International Albinism Awareness Day

I wrote this article and it originally ran in the Concord Monitor Friday June 13, 2015. It is reprinted here with permission.

My daughter is reviewing brochures for educational travel programs. “Sooooo I’m guessing Tanzania is out.” I look up at her and give her the “look”. She’s sitting across the room from me so I know she doesn’t see my face. Not because she’s not looking, but because like me, she has a hard time seeing details like facial expressions at distance. “Sure honey, you can go to Tanzania if you have a death wish or can spare a few body parts.” I wish I were joking.

The four of us sharing a laugh in Hawaii. My husband and I and our two children are albinos. We all have the genetic condition albinism.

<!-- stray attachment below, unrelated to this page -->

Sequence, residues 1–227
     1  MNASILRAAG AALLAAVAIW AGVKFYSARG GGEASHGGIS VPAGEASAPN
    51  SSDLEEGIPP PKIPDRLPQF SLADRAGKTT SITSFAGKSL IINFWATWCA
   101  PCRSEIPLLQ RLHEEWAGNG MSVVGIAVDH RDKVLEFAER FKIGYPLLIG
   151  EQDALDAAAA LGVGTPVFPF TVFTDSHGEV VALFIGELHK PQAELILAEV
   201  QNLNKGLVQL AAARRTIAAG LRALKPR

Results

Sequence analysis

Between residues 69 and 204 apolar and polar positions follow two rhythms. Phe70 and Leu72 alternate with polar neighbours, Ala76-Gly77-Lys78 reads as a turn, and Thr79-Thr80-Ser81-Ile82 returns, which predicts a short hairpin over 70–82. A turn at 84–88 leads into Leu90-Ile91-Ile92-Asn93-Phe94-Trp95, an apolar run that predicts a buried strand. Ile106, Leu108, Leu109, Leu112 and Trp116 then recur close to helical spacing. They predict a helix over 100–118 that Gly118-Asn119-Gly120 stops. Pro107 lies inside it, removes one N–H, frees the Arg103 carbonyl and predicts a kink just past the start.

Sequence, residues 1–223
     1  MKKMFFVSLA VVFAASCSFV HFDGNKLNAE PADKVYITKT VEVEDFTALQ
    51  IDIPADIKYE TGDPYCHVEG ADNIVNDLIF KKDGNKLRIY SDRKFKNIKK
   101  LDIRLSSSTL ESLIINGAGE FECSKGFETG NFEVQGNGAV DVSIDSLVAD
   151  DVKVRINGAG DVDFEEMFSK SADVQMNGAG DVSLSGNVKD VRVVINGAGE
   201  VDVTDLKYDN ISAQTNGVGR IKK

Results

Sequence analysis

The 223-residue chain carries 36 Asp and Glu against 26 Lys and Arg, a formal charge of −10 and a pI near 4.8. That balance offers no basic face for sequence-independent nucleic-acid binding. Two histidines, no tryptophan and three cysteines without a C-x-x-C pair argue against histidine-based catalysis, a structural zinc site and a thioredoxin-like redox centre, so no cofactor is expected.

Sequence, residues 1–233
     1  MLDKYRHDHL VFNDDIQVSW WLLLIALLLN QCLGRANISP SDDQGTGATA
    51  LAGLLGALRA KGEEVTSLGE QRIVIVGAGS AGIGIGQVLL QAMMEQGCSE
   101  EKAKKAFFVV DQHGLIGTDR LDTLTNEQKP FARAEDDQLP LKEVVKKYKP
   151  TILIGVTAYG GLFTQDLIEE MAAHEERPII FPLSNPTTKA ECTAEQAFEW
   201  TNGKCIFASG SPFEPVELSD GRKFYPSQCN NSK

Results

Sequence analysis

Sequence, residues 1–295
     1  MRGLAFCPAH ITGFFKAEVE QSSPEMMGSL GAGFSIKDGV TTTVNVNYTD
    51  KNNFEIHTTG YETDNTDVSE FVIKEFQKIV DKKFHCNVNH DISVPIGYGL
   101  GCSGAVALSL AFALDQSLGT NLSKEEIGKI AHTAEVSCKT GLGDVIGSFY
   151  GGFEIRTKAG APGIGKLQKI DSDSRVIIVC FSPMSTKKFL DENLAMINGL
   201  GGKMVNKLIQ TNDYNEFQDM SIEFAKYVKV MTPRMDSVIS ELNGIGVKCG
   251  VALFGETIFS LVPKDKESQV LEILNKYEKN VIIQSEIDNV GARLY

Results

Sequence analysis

Like their father and me, my children have albinism. Since the records started being kept in 2000, more than 147 people with albinism have been murdered primarily in countries in eastern Africa; and there have been another 229 acts of violence including mutilations, grave desecrations and kidnappings. These figures are as of June 3, 2015 and are compiled by Under the Same Sun, a Canadian charity focused on ending the atrocities and bringing basic human rights to all people with albinism. In Tanzania and other East African countries, people with albinism are hunted and their limbs hacked off and sold to witch doctors for inclusion in potions that are said to have magical powers and will promote prosperity and wellness. So no, my daughter will not be going to Tanzania, or anywhere in East Africa for that matter.